In August 1850 Mr and Mrs Bourke were elected as the new master and matron of the workhouse. Both had formerly been employed as assistant teachers in the workhouse prior to this. About this time it was claimed that things were improving in Dungannon workhouse and that the ‘numerical decrease of paupers is so gratifying and considerable, that the vacant office of assistant master will not be filled’.
The immediate post-Famine makeup of the workhouse highlighted the social dislocation which had taken place during the Famine years. A return of all children born in Dungannon workhouse in 1853 (and published in 1854) showed that there were eight ‘illegitimate’ children in the workhouse, while twenty-three women under the age of fifty. In the same year the Armagh Guardian newspaper noted how there were just over 100 paupers in the workhouse. The newspaper continued:
The extraordinary decrease attests in itself a marked improvement in the social condition of the able-bodied poor of the district comprehended in the union. The appearance of the house and grounds is very creditable to the master and matron, and the clerk’s department has long regarded as a model of business-like arrangement and clerical accuracy. There are 21 patients in the hospital, and the average weekly expenses of supporting a pauper are 1s 2d.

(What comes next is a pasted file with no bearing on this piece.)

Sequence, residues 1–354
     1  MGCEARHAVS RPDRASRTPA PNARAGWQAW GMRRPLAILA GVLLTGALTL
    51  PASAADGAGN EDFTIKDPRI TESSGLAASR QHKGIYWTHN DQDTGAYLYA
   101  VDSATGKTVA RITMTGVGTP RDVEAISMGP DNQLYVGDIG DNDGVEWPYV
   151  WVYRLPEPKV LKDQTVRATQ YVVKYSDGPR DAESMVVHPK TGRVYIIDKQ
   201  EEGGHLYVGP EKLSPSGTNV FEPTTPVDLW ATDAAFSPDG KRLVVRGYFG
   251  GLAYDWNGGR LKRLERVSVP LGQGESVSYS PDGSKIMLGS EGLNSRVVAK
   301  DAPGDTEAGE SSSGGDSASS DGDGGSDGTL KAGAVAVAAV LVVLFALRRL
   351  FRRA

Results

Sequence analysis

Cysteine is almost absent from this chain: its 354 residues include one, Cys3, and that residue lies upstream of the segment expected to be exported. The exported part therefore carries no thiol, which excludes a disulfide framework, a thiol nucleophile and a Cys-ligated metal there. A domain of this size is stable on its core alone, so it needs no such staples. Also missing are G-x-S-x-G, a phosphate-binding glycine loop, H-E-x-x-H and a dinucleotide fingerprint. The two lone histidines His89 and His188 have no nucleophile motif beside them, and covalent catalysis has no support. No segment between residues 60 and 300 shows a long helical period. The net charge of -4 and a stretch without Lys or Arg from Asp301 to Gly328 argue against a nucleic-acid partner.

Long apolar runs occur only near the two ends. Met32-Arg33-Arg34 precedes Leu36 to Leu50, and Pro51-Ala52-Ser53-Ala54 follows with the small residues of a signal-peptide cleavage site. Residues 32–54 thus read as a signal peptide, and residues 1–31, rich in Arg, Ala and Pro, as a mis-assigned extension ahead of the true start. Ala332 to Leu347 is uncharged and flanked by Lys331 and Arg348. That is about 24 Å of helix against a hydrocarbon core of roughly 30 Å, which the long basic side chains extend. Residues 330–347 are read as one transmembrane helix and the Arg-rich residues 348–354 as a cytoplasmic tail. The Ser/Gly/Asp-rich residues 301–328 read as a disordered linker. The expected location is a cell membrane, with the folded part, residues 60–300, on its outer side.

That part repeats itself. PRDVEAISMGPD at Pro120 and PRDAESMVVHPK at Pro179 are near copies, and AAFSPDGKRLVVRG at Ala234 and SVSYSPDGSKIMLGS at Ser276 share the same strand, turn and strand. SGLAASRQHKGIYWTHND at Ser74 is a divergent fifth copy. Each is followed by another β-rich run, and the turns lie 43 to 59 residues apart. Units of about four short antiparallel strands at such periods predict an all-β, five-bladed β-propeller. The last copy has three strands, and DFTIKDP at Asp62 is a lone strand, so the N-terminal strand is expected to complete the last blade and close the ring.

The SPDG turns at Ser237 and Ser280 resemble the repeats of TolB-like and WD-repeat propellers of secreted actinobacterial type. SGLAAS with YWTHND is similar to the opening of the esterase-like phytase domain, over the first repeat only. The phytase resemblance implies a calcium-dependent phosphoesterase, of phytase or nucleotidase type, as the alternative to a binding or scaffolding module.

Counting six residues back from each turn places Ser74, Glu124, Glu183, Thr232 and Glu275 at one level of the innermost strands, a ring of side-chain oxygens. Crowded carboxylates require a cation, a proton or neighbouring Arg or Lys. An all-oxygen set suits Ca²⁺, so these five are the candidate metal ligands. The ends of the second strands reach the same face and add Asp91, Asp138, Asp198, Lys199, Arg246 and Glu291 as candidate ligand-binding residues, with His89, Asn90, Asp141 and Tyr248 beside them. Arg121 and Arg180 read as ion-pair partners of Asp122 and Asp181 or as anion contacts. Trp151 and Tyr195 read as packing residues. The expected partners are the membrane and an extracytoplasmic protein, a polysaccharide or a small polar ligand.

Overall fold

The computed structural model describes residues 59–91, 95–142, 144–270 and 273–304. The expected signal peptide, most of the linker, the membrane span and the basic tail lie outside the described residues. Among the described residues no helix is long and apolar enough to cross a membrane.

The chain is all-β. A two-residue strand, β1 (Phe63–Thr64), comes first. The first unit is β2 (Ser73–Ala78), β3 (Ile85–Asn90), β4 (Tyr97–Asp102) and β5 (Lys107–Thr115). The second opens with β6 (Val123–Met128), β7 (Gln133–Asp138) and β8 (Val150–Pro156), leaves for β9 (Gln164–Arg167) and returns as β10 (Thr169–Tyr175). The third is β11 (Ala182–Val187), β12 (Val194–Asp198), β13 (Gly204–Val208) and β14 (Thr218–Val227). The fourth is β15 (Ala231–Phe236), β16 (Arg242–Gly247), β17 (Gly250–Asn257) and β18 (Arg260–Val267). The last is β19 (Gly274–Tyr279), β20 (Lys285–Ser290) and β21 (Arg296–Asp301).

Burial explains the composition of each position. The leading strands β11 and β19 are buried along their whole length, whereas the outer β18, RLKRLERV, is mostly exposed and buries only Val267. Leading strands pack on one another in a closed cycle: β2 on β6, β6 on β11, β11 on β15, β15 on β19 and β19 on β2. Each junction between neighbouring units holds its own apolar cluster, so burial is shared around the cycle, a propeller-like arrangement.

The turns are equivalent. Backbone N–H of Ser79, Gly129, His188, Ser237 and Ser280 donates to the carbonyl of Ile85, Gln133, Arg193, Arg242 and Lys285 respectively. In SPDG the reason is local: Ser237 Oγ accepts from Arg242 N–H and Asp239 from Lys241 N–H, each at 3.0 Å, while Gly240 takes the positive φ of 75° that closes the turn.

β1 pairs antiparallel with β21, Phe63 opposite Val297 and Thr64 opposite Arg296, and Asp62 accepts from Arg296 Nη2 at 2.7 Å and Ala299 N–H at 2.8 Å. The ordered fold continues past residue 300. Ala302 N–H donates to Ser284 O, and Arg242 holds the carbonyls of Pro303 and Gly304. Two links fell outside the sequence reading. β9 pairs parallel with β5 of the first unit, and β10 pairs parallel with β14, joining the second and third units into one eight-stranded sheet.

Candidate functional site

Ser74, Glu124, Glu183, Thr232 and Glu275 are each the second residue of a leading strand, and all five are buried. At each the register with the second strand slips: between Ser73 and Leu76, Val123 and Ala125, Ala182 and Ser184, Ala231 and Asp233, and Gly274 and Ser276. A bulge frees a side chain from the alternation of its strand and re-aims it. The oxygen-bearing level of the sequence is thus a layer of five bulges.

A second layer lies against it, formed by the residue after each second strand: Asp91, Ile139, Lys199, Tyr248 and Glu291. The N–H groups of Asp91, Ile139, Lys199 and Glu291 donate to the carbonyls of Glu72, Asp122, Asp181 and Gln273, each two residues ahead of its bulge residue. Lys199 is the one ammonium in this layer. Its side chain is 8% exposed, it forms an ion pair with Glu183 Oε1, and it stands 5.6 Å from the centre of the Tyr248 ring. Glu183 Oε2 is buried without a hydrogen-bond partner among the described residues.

However, despite these positive comments about the workhouse administration, during the 1850s the large number of deaths in the house continued. Between July 1851 and February 1861 approximately 400 people died and were buried in the ‘barley field’. The deaths were male and female, young and old, Protestant and Catholic. In April 1860 the Preston Chronicle and Lancashire Advertiser newspaper reported on a melancholy death in the workhouse when a woman ‘in a state of difficult and protracted labor seized a knife with which she inflicted a deep wound in the throat she died from the effects of protracted labor but death was accelerated by the wound’.